The Generalitat was abolished once again in 1939, by General Franco; the dictatorial regime that he established would last until 1975. This dictatorship met with the active resistance of the people and Government of Catalonia. One of the great milestones in the struggle for freedom was the creation of the Assembly of Catalonia in 1971, prior to the recovery of the Generalitat, on an interim basis, on the return of its president-in-exile in 1977. In the democratic transition, and within the context of the new system of autonomous communities defined by the Spanish Constitution of 1978, the people of Catalonia approved the Statute of Autonomy of Catalonia by referendum in 1979; the first elections to the Parliament of Catalonia were held in 1980.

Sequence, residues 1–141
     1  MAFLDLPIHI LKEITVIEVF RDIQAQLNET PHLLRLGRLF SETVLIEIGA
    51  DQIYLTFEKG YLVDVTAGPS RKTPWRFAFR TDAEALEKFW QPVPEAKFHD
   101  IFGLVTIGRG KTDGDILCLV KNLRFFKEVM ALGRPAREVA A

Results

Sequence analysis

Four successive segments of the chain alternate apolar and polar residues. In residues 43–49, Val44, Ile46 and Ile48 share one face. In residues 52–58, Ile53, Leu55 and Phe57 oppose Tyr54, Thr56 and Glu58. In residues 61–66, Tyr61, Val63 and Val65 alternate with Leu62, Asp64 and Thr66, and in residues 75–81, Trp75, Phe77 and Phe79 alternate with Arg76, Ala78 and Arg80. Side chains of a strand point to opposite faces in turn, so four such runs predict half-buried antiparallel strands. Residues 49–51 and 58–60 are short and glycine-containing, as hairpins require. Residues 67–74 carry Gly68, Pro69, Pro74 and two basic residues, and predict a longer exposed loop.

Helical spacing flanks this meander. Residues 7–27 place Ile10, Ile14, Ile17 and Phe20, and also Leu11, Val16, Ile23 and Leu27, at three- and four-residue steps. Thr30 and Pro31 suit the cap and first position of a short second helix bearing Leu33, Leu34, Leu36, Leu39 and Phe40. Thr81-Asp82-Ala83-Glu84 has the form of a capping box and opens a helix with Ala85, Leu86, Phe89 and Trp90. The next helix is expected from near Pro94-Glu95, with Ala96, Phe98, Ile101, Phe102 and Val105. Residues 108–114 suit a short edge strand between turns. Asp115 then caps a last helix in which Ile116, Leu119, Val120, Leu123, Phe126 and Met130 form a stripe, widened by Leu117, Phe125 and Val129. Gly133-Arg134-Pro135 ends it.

Over recent years, with the consolidation of democracy, a majority of Catalan political and social forces have urged forward measures to transform the political and legal framework. The most recent of these can be seen in the Statute of Autonomy of Catalonia, whose process of reform was initiated by Parliament in 2005. Drawbacks and refusals imposed by the institutions of the Spanish State—among which Sentence 31/2010 passed by the Spanish Constitutional Court deserves particular emphasis—bring with them a radical repudiation of the democratic development in the collective will of the Catalan people within the Spanish State and establish the grounds for a retrogression in self-government, which today is expressed with total clarity in political, jurisdictional, financial, social, cultural and linguistic aspects. The people of Catalonia has expressed its willingness, in many ways, to overcome the current impasse within the Spanish State. The mass demonstrations held on 10 July 2010 under the slogan "We are a Nation, We Decide", and on 11 September 2012 under the slogan "Catalonia: A New State in Europe" are an expression of the citizens’ rejection of the lack of respect shown to the decisions of the people of Catalonia.